In the same photograph, the Kiribati subject is armed with a long pole or spear weapon, likely the trunun. See weapons reference, below. Forged from palm trees, these were utilitarian and long but not particularly hardy weapons. When the longer weapons broke in combat, then the shorter close combat weapons were wielded, like the tetoanea or tembo. Some of the spears must have required immense strength and dexterity to wield at close to 18 feet in length. The end's of these weapons including spears, swords, tridents, daggers, and throwing clubs, were inlaid with dozens of shark teeth woven in palm fiber and human hair, the latter for ceremonial purposes. [Riordan] There are even period examples of woven coir hand wraps with shark teeth which were strapped to the knuckles for hand-to-hand combat. Another commonly depicted weapon was the three pronged tataumanaria. This long trident-like weapon allowed the wielder to poke or disarm their enemy at a comfortable distance.

Weapons of the Kiribati Warriors

Like the Moari warriors of New Zealand, the Kiribati warrior favored close quarters fighting with melee weapons. Personal combat (dueling) was essential in order to protect one's honor and status, the coir armored warrior sporting the te barantauti would have been the chosen champion or paramount warlord of the Kiribati kainga (village). Each duelist had an auxiliary, similar to a squire from the era of the Anglo-French knight, who helped dress the champion for battle and bore their plethora of shark tooth weapons to the field of combat. Additional armed retainers fought on the periphery or before the single combat between the armored champions. The tataumanaria would have been useful to the auxiliary soldiers to disarm or to keep their opponents at bay in the lead up to the clash of the armored I-Kiribati champions. [Riordan]

Weird Warrior: Kiribati warrior with porcupine fish helmet & shark tooth weapon

The Kiribati fought most often to rout, injure, or humiliate his foe without killing them. Injuries and fatal wounds still would have been inflicted in combat, lightly armored retainers and squires would have bore this danger and could have been easily disemboweled or had a limb severed with a single stroke of the heavy club and sword hybrid, te toanea. The armored champions fought for honor and bragging rights rather than fatalities, a custom which was dictated by an established societal norm in which the family of a man killed in war or in a combative dispute could seek restitution from their slayer's family. Land was the only significant payment as it was scarce and precious in the Gilbert Islands.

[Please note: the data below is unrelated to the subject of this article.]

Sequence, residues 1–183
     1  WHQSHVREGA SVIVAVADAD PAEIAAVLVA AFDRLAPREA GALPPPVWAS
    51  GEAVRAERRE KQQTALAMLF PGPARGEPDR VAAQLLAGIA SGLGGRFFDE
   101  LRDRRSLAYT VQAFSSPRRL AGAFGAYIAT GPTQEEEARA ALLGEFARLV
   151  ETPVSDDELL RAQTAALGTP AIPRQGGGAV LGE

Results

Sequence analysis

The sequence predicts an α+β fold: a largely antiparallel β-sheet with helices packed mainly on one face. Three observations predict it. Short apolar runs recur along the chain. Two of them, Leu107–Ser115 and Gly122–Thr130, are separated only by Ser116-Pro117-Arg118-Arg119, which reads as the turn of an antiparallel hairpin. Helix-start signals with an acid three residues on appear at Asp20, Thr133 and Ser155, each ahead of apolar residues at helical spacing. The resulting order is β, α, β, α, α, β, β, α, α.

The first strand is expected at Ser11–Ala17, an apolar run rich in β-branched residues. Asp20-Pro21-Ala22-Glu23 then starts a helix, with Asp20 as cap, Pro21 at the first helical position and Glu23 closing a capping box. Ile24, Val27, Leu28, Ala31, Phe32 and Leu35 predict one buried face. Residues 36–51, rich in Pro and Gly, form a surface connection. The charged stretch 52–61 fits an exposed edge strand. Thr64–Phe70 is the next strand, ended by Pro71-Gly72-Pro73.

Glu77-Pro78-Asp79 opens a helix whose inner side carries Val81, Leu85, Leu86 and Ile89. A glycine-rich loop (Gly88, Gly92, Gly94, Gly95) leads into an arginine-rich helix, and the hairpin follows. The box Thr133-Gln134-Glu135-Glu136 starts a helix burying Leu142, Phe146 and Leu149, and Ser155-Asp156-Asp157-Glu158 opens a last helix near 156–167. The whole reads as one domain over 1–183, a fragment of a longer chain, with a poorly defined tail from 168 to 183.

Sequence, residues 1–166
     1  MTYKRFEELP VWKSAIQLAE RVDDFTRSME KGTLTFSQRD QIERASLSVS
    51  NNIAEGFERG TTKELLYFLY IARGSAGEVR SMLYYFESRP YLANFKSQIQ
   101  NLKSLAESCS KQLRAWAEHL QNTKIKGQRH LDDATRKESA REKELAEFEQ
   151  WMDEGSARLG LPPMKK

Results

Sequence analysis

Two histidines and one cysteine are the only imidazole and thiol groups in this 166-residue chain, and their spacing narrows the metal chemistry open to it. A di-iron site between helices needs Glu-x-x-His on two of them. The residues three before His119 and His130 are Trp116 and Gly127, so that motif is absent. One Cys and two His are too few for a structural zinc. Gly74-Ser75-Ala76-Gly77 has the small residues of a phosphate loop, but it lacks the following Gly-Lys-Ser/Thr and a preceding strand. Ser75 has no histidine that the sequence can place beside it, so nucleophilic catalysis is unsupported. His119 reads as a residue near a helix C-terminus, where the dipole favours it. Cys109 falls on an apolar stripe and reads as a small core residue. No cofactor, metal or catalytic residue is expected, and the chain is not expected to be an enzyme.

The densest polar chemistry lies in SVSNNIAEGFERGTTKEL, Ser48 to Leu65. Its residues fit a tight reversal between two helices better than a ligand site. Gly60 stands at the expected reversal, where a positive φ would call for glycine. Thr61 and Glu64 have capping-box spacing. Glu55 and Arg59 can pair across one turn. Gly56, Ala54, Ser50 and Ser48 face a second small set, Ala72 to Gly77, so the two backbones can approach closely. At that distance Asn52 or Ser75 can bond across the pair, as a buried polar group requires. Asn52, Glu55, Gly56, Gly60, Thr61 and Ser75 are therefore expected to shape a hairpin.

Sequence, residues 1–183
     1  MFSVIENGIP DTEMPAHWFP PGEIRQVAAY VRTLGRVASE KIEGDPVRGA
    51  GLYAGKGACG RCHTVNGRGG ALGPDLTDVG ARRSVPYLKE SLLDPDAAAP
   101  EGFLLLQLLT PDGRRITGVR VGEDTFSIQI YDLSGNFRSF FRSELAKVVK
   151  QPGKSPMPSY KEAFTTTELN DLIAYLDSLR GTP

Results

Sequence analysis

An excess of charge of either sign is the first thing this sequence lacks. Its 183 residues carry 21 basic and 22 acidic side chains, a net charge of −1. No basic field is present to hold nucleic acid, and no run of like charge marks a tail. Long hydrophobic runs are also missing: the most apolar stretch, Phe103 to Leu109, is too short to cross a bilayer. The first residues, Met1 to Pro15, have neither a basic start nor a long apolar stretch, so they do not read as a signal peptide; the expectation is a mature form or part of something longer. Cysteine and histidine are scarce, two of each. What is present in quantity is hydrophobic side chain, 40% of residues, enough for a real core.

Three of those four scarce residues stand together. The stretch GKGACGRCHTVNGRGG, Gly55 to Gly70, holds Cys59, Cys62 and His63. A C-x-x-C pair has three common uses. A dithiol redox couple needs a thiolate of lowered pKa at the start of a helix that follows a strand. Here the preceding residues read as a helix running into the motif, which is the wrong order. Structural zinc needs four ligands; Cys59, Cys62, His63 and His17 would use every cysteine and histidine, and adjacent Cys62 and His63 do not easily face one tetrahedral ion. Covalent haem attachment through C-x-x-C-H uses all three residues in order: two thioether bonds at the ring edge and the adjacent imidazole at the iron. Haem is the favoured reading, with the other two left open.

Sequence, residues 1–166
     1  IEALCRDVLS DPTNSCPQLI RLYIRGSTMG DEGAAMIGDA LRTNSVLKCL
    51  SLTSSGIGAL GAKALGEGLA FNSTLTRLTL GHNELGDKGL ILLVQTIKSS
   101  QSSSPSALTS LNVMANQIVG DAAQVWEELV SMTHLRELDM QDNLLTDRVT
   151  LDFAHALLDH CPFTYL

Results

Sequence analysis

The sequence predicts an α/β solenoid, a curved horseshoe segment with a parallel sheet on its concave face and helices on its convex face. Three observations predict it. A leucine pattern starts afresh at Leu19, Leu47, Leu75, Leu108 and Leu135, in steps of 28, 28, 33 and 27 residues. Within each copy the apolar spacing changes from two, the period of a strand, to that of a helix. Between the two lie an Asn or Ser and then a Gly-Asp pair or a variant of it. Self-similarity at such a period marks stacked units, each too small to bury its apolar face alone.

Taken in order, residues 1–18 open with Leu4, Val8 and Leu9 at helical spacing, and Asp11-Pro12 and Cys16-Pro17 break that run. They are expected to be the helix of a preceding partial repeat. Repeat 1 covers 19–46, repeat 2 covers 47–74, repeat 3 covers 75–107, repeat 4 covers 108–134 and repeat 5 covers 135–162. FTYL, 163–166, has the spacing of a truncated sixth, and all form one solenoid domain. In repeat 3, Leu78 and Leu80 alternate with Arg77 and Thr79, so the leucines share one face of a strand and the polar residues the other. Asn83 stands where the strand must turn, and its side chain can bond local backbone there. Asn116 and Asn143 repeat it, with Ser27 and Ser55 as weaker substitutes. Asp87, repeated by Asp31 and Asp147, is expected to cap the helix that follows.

*This photograph actually depicts a college age student from Rongorongo, Beru in the southern Gilbert Islands, donning the ceremonial garb of the I-Kiribati warrior sometime before 1925. (Museum of Archaeology and Anthropology, University of Cambridge)

Suggested Further Reading
An Ethnographic Analysis of a Kiribati Shark-Toothed Weapon By: Catherine Riordan. Cited.

Shark Tooth Spears of the Gilbert Islands, Bowers Museum Blog,  (May, 2019).

Kiribati: Aspects of History, University of the South Pacific (1st edition, 1979).


  1. I've seen some of these nasty shark-toothed clubs (swords?) in the Pitt-Rivers Museum in Oxford. Interesting article! I hope this is the start of a series on Odd Fighting Units of the World.

    1. It is already! There is one more feature on the Honolulu Hawaii (Militia) of the 1880's. But yes, more Odd Fighting Units of the World to come, so stay tuned!

      Thanks for commenting. Its odd but it seems that these were more like swords, though I originally believed the weapon to be a spear or pole-arm. Maybe even ceremonial.

      From what ive read on the Kiribati warrior & this picture it clearly denotes that the shark-tooth weapon is some sort of long-sword.